Baseball in Wartime

Baseball's Greatest Sacrifice

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Hi Bithorn


Date and Place of Birth: March 18, 1916 Santurce, Puerto Rico

Died: December 29, 1951 Tamaulipas, Mexico

Baseball Experience: Major League
Military Unit:
US Navy

Area Served: Central America

Major League Stats: Hi Bithorn on Baseball-Almanac

Image:Hiram Bithorn.JPGHiram G “Hi” Bithorn was in Santurce, Puerto Rico on March 18, 1916. In 1935, he helped the Puerto Rican basketball team achieve a bronze medal in the Central American and Caribbean games, and signed with Norfolk of the Piedmont League in 1936, where he was 16-9 his rookie year. In 1937, he was almost unbeatable as he posted a 10-1 record with Norfolk and advanced to Binghamton of the Class A Eastern League.

Bithorn joined Oakland of the Pacific Coast League in 1939 and then played for Hollywood in the same league in 1940 and 1941. Bithorn became the first Puerto Rican major leaguer when he joined the Chicago Cubs in 1942, making his debut against the Cardinals on April 15. Bithorn finished the season with a 9-14 record and a respectable 3.68 ERA.

In 1943, Bithorn was 18-12 for the fifth-place Cubs with an outstanding 2.60 ERA. He led the National League with seven shutouts and his 18 wins was fourth best in the league.

On the verge of a seemingly outstanding career, Bithorn was inducted in the Navy on November 26, 1943, and served at San Juan Naval Air Station in Puerto Rico where he was player-manager of the baseball team. On March 22, 1944, he pitched in a 5-4 loss against the Santurce Crabbers before 8,000 fans in San Juan for the benefit of the Red Cross War Fund. 

Bithorn was discharged from service on September 1, 1945. He pitched for San Juan in the Puerto Rican championships in February 1946, and injured his hand while covering home plate in a game against Mayaguez which meant he was late reporting to the Cubs in the spring.

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Bithorn didn’t have the magic when he returned. Suffering from arm problems and possibly a nervous breakdown, he was 6-5 in 1946, primarily as a reliever, and was sold to the Pirates in January 1947. Bithorn never played in Pittsburgh, however, as he was selected off waivers by the White Sox two months later. He made just two relief appearances for the White Sox, pitching an inning in each without allowing a run and earning a win. Bithorn was released to Hollywood later in the season and in turn was released by the Coast League club.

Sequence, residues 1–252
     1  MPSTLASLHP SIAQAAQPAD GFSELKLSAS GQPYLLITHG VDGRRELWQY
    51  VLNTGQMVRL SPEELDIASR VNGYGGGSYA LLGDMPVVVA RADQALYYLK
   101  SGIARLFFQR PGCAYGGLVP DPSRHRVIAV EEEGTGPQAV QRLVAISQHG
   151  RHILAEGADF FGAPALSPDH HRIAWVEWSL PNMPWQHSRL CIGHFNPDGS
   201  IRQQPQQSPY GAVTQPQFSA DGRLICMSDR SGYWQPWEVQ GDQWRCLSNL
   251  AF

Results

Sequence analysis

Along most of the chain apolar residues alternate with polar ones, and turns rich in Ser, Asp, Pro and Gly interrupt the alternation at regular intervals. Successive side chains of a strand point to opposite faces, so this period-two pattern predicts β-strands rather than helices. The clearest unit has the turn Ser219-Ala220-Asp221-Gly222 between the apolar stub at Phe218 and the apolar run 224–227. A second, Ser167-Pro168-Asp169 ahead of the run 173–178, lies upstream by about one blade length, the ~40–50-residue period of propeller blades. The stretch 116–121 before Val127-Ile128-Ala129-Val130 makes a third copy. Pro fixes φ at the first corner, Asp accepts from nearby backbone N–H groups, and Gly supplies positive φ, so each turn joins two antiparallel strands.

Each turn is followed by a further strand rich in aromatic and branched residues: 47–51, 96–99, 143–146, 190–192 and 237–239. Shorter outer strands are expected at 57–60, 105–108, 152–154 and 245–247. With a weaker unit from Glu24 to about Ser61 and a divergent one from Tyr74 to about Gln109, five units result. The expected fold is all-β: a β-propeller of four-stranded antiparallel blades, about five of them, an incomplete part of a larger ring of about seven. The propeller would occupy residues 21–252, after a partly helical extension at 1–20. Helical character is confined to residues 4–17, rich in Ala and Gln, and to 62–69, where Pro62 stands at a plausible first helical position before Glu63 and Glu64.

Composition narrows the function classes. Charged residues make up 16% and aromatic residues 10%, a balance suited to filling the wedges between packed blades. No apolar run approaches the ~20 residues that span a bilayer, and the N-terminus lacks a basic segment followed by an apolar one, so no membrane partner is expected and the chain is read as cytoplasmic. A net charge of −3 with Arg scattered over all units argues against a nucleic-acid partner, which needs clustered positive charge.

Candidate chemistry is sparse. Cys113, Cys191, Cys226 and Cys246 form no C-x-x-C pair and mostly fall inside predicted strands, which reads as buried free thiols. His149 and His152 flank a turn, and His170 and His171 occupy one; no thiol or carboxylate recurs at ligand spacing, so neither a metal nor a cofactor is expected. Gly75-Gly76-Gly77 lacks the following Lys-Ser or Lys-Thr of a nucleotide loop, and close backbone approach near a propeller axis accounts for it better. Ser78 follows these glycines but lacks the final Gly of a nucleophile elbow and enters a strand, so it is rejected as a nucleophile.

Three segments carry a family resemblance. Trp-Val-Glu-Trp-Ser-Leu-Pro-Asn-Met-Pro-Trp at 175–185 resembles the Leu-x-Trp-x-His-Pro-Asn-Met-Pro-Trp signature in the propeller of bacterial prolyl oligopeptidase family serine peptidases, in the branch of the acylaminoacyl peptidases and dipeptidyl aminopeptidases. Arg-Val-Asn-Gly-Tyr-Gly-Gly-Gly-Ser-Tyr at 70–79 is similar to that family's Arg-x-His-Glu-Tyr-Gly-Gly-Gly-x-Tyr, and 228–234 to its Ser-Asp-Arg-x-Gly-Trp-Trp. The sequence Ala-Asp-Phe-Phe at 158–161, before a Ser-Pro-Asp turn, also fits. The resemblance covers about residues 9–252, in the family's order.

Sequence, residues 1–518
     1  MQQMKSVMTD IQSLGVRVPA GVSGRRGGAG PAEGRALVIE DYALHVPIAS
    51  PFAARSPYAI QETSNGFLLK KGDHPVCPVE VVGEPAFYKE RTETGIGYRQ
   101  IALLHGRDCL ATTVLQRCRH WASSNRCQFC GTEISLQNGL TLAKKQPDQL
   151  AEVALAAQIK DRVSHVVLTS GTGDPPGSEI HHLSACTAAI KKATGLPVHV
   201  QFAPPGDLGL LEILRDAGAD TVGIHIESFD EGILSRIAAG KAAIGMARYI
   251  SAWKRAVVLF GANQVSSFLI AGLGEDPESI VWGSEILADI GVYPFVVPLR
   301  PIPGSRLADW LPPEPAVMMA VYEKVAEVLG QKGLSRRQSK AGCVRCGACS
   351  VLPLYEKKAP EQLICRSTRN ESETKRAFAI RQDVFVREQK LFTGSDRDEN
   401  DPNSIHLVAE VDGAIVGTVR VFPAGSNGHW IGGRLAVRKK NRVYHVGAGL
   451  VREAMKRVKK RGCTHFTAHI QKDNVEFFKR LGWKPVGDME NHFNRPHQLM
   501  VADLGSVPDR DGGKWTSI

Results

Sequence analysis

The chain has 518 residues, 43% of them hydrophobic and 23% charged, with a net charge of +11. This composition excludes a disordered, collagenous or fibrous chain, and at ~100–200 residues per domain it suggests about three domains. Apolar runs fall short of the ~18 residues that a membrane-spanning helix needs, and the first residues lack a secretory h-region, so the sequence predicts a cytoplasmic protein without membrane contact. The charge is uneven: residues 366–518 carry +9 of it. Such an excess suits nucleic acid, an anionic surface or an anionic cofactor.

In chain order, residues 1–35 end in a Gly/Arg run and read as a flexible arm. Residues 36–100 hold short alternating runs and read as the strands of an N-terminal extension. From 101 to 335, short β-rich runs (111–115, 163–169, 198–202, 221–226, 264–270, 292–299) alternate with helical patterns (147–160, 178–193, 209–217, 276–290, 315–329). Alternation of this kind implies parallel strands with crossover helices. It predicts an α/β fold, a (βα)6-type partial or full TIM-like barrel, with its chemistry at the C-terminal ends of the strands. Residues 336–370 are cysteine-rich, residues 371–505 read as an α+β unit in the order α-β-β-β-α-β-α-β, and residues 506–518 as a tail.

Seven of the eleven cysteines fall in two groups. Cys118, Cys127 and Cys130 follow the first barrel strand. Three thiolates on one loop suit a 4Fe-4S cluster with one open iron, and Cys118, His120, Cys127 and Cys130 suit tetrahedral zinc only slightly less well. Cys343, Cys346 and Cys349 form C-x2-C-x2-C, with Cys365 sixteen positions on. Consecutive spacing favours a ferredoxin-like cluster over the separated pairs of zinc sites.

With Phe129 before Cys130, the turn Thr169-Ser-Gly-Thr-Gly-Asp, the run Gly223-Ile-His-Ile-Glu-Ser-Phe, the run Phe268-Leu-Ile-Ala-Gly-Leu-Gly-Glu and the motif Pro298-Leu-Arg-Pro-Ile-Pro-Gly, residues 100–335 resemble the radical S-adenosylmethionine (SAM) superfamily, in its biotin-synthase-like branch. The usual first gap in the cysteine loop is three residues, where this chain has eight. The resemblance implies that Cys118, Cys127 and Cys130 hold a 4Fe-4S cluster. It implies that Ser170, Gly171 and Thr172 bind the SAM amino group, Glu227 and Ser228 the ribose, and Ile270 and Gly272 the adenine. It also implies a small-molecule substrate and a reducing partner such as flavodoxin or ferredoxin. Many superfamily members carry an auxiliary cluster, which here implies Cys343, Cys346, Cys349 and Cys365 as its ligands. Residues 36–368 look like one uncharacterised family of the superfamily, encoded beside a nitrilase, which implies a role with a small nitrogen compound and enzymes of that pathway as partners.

He underwent an operation in 1948 and was out of baseball all year but returned in 1949, attempting a comeback with Nashville and Oklahoma City. Quitting the game as a player after the 1949 season, Bithorn became an umpire and worked his first season in the Pioneer League in 1951.

On December 30, 1951, Bithorn was en route to visit his mother when he was shot and killed by a police officer in El Mante, Mexico. Bithorn had apparently been trying to sell his car when Corporal Ambrosio Castillo Cano of the El Mante police force questioned him. When Bithorn was unable to produce the required paperwork, Cano drove him to the police station, but on the way and altercation took place in the vehicle and Bithorn was shot in the stomach with a .45 caliber pistol. He was taken to the Ciudad Victoria hospital, which was 84 miles away, and died a few hours later.

Hi Bithorn was just 35 years old. His body was returned to Puerto Rico, where he was buried on January 13. The people of Puerto Rico honored him in 1962 by having the country's largest stadium named after him Estadio Hiram Bithorn.

Corporal Cano was indicted on January 10, 1952, and on October 1, sentenced to eight years in the state prison for Bithorn’s homicide.

Created March 29, 2008.


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